Sri Lanka is known more for its firey curries than it is for its cakes. But this cake is very Sri Lankan. Its origin is rooted in the country’s Portuguese colonial past. Sri Lankan love cake is seriously rich, with seven eggs no less. Incredibly sweet – with half a kilo of sugar. And superbly nutty – jam-packed with cashew nuts. But Sri Lankan love cake is so incredibly irresistible.
I was flicking through my collection of Sri Lankan cookbooks when I landed on the recipe for love cake. Reading the recipe took me right back in my mother’s kitchen tasting this cake for the very first time. It wasn’t like any cake I had ever tasted. Sri Lankan love cake is a rich, sweet, dense cake. The combination of rosewater, cardamom, nutmeg and lemon zest gives this cake a distinctly Middle Eastern quality.
Win your lover’s heart with Sri Lankan love cake
Folklore says this cake was baked to win the hearts of your lover, and just like falling in love this cake is deliciously intense.
Take a 20cm square cake tin, grease with butter, then double line with non-stick baking parchment allowing enough parchment to overhang over the edge of the baking tin.
In a large mixing bowl beat the egg yolks and the sugar together until you have a deliciously creamy butterscotch looking concoction.
In a food processor, pulverise the cashew nuts until they are crushed into small nutty pieces.
Now stir in the semolina, the crushed cashew nuts, rose water, honey, lemon zest, and spices.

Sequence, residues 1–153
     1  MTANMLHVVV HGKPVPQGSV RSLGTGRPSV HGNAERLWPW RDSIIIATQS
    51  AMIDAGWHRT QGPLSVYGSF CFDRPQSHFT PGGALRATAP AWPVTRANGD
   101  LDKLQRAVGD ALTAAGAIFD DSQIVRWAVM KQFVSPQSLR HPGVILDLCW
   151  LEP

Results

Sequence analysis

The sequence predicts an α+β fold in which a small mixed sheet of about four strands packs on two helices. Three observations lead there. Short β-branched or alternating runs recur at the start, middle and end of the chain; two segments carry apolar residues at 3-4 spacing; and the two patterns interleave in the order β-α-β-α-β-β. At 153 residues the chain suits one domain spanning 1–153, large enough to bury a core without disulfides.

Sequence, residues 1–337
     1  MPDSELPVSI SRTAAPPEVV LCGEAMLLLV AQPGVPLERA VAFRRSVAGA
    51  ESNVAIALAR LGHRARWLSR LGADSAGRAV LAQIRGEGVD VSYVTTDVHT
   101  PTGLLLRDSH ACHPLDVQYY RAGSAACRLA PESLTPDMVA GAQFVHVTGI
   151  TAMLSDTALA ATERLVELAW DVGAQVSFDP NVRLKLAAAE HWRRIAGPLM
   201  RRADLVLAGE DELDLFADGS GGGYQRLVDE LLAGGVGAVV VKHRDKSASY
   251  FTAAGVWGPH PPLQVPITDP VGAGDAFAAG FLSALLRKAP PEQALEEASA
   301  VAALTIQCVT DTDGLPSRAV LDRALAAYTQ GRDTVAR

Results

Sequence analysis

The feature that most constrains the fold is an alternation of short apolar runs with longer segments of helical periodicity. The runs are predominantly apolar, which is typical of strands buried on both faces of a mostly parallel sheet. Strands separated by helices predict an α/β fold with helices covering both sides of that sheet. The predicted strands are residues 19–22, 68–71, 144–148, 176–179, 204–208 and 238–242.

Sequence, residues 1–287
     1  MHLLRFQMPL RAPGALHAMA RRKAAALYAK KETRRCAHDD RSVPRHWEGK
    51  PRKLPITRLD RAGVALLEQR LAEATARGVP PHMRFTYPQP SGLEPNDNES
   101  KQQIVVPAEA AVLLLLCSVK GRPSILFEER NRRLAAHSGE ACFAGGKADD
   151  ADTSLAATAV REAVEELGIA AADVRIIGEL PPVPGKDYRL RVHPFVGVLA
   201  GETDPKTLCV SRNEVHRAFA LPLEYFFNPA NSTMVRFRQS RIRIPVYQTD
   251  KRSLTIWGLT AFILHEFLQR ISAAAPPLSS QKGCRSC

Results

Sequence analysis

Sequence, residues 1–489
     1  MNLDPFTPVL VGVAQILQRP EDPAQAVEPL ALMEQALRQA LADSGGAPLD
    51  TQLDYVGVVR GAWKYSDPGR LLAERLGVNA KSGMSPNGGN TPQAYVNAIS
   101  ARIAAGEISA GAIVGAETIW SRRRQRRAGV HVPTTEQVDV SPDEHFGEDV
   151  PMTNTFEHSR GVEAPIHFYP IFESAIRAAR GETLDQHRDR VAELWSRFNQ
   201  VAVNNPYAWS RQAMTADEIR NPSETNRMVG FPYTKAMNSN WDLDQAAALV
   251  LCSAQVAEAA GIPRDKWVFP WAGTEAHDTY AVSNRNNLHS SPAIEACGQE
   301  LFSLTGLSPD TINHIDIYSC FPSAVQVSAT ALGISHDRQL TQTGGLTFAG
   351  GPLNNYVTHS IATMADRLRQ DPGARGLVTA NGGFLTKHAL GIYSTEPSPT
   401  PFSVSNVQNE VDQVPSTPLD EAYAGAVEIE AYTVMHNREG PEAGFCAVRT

Mix well until the nutty mixture is fully incorporated into the buttery sugar concoction.
Take a second large mixing bowl and pour in your egg whites and whip them in a frenzy (with the aid of a hand-held mixer or using the wire attachment for your stand mixer) until you have glossy stiff white peaks.
Fold in the egg whites into the cake mix before pouring gently into the double lined, square cake tin.
Place the cake tin onto the middle shelf of your pre-heated oven, and cook for around an hour to an hour and twenty minutes. Or until an inserted skewer comes out clean.The cake will be done when it is firm, yet springy to touch, and no wobble from any uncooked cake mix!
Take the cake out of the oven and leave to cool before cutting into little square portions (4 x 5) in the tin.Using the baking parchment gently lift the cake out of tin before serving.
Delicious when served with afternoon tea.
When done the cake will be firm to touch, but with a light spring. However, if you find that your cake is browning on top but not cooking all the way through try place aluminium foil over the top.
The original recipe cites an hour cooking time, however, my cake did take longer to pass the skewer test.
I have adapted this recipe from the original which can be found in The Complete Asian Cookbook by Charmaine Solomon.